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Let $ U ⊂ \mathbb{C}$ be a simply-connected region, and suppose $\exp(f(z))=z ∈ U$. Then there is a unique analytic function $f(z) : U → C$ such that $f(z) = \operatorname{Log} (z)= \ln|z|+i \operatorname{Arg}(z)$ with $f(-1)=+i\pi $ for all $z ∈ U$ with $0<\operatorname{Arg}(z) \leq 2\pi$.

If we take a closed set $L_{0},$ such that, $L_{0}= \{1+iy : -\infty <y\leq 0\}.~$ There is a unique analytic function in $~ R=U \setminus L_{0},~$ such that $f(z)= \ln|z-1|+i \operatorname{Arg}(z-1),~$ and satisfy that $exp(f(z))= z-1,~$ with $f(-2)=\ln|-2|+i\pi,~ $ for all $z ∈ R,~ $ with $\frac{- \pi}{2}<\operatorname{Arg}(z-1) \leq \frac{3 \pi}{2}$.

My question, is it tru to write that $f(z)= \operatorname{Log}(z-1)+ 2 \pi i k ~$ for all $z$ in the domain $D_{k}$ and $k=0,1$ such that $~D_0=\{z \in \mathbb{C} : \operatorname{Re}(z)>1 , \operatorname{Im}(z)\leq 0 \}~$ and $~D_1= R_0 \setminus D_0$

Or $f(z)= \operatorname{Log}(z-1)+ 2 \pi i k +\pi i$ for all $z$ in the domain $D_{k}$ and $k=-1,0 $ such that $D_{-1}=\{z \in \mathbb{C} : \operatorname{Re}(z)>1 , \operatorname{Im}(z)\leq 0 \}~$ and $D_0= R_0 \setminus D_0$

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  • $\begingroup$ If you have a followup to someone else's answer, you should not post that followup as an answer to your question. Instead you can post your followup as a comment to that person's answer. Or, you can edit your question by adding something like "The answer of Joe Schmo leads me to ask a refined question ..." $\endgroup$ – Lee Mosher Jan 29 '16 at 21:36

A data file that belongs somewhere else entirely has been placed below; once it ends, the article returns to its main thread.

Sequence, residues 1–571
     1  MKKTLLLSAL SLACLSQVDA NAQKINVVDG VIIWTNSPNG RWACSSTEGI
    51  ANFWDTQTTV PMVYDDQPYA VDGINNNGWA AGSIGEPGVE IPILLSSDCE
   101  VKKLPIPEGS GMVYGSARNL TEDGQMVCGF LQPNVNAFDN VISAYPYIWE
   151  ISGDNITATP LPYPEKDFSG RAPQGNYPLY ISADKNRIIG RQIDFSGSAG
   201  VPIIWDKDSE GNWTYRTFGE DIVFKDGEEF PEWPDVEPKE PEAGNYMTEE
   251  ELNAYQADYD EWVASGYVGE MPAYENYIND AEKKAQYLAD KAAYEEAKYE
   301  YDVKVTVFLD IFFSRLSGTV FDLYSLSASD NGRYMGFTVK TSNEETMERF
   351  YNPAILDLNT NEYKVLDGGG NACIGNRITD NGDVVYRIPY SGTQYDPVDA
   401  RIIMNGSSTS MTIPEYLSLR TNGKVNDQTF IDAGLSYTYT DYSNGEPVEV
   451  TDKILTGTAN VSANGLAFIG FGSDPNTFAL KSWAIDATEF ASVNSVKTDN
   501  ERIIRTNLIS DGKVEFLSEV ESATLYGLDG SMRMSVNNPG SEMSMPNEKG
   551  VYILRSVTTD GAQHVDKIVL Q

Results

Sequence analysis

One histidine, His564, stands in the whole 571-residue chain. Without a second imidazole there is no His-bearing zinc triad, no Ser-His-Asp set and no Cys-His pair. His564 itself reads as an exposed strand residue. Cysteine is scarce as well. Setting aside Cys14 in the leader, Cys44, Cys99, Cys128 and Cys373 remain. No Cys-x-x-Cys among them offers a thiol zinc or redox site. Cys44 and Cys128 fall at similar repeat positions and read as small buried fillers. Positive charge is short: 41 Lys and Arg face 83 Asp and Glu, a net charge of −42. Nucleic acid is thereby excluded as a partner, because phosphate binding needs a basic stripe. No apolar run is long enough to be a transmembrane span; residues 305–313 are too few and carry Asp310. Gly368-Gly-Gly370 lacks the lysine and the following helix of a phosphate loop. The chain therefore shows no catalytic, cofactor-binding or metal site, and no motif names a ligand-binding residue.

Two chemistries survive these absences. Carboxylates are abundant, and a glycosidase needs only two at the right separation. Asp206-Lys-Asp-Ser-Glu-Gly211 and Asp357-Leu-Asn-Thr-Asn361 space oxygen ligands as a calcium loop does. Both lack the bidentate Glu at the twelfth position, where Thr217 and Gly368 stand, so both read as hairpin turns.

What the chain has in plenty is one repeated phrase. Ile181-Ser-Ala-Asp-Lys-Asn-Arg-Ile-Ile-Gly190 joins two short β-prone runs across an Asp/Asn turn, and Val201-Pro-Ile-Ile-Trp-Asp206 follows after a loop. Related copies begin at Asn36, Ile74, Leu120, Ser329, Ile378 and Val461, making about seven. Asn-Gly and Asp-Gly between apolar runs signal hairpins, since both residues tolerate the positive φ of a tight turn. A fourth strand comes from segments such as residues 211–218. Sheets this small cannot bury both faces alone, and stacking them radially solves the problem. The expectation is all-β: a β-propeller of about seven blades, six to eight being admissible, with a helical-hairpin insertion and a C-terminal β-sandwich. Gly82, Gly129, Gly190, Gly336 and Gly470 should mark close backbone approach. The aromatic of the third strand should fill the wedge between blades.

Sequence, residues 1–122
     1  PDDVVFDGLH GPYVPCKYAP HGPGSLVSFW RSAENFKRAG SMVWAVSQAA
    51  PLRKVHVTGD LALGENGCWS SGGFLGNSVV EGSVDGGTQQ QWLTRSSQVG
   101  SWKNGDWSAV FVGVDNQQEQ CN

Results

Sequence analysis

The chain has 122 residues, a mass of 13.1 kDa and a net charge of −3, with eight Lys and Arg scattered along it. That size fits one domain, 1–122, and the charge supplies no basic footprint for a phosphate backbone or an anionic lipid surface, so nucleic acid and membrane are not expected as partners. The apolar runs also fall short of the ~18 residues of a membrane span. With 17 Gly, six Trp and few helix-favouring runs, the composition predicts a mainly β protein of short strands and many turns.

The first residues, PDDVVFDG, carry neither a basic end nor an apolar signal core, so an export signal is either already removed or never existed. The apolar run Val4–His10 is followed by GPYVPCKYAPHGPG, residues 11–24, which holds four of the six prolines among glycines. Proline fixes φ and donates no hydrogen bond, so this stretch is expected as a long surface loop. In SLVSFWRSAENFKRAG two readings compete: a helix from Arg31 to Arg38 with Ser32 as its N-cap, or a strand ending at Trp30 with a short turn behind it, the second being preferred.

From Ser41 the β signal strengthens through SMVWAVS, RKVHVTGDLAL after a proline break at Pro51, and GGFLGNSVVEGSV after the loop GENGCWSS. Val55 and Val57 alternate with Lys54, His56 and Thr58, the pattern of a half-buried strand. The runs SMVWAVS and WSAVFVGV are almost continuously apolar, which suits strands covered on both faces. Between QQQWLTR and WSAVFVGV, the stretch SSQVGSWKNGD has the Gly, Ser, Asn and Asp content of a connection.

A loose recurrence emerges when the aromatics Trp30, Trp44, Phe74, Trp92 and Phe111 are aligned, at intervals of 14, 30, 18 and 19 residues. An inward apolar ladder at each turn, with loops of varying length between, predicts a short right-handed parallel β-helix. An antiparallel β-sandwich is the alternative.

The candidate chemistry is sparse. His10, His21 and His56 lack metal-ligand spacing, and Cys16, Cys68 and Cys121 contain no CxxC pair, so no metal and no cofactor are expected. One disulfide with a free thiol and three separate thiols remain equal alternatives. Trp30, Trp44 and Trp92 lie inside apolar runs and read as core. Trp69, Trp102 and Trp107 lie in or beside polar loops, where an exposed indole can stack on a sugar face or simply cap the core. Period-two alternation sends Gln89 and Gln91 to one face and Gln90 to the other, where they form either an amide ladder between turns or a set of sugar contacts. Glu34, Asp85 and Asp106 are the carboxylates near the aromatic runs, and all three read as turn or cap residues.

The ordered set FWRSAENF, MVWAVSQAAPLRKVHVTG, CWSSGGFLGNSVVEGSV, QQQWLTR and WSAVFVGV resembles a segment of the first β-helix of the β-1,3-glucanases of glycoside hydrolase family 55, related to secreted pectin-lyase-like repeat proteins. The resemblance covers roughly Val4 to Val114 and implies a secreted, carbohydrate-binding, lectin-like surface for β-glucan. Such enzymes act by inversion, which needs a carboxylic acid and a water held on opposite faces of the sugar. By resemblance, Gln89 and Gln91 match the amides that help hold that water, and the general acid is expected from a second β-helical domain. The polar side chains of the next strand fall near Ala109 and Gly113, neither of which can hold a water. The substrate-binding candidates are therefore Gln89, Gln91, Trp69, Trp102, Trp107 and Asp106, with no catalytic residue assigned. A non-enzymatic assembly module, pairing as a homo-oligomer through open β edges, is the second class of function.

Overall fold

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$\text{Log}$ is usually used for the principal branch of the logarithm, where the argument is in the interval $(-\pi,\pi)$. That has branch cut on the negative real axis, and if $U$ intersects that branch cut your $f(z)$ is certainly not $\text{Log}(z)$. Indeed, you could have a simply connected region like this:

enter image description here

where the imaginary part of $f(z)$ is forced to have an arbitrarily large range. As you go around the spiral counterclockwise, the argument increases by $2 \pi$ on every turn.

EDIT: If $f(4) = \ln(4)$, then $$\eqalign{f(5 i) &= \ln(5) + i \pi/2\cr f(-6) &= \ln(6) + i \pi\cr f(-7i) &= \ln(7)+ 3 i \pi/2\cr f(8) &= \ln(8) + 2 i \pi\cr f(9i) &= \ln(9) + 5 i \pi/2\cr f(-10) &= \ln(10) + 3 i \pi\cr &etc.}$$

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  • $\begingroup$ Beautiful picture, that! Maybe you could write down the values of $f(-5i), f(6), f(15i), f(-17)$ for the sake of explicitness ? $\endgroup$ – Georges Elencwajg Jan 29 '16 at 20:26
  • $\begingroup$ What about my question if take argument such that [0,2π)? $\endgroup$ – Mfs Jan 29 '16 at 22:02
  • $\begingroup$ It doesn't. The more turns of the spiral, the bigger an interval you need. $\endgroup$ – Robert Israel Jan 29 '16 at 22:12

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